Canadian Forest Service Publications

Factors affecting infection of balsam fir (Abies balsamea) by stereum sanguinolentum in Quebec. 1969. Etheridge, D.E. Canadian Journal of Botany 47(3): 457-479.

Year: 1969

Issued by: Pacific Forestry Centre

Catalog ID: 27951

Language: English

Availability: PDF (download)

Available from the Journal's Web site.
DOI: 10.1139/b69-062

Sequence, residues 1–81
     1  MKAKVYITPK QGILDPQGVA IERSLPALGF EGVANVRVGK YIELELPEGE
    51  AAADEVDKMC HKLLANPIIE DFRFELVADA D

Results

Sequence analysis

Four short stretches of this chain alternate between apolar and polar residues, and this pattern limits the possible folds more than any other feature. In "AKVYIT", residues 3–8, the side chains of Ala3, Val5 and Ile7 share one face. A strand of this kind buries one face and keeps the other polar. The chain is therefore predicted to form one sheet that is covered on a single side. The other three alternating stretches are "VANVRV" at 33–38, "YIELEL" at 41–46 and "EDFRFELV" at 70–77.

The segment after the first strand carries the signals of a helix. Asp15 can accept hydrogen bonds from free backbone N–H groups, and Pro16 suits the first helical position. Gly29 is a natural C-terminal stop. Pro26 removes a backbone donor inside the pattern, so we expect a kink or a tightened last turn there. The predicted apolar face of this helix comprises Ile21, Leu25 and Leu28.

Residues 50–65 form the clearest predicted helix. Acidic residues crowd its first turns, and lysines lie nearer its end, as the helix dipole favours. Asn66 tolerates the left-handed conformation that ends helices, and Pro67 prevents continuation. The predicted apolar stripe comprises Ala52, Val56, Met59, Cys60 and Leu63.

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Conditions influencing infection of artificially injured balsam fir (Abies balsamea (L.) Mill.) by Stereum sanguinolentum (Alb. & Schw. ex Fr.) Fr. were studied over a 3-year period in Quebec. Optimal conditions for spore dispersal and germination occurred during extended periods of high relative humidity and when mean daily temperatures were between 45 and 75 F (7 and 24 C). Optimal conditions for infection of both decapitated living trees and freshly excised stem sections occurred during periods of rain and when mean daily temperatures were between 45 and 55 F (7 and 13 C). Susceptibility of wound surfaces to S. sanguinolentum varied under different environmental conditions; it fell off rapidly, and irreversibly, after a few days of exposure to high summer temperatures. Intense competition for the wound surface at temperatures above 60 F (15.5 C) by such fungi as Peniophora cinerea (Pers. ex Fr.) Cooke, Alternaria tenuis auct. sensu Wiltshire, and Ceratocystis piceae (M√ľnch) Bakshi was the main factor limiting the period of susceptibility. Experimental evidence suggests that dominance by S. sanguinolentum of the fresh-wound surface is due to the relative inability of competitors to tolerate certain substrate properties, particularly at low temperatures. Modification of the substrate, either by addition of malt extract solution, or by excision of the injured part (or by natural death) favored saprophytic competition which suppressed the pathogen.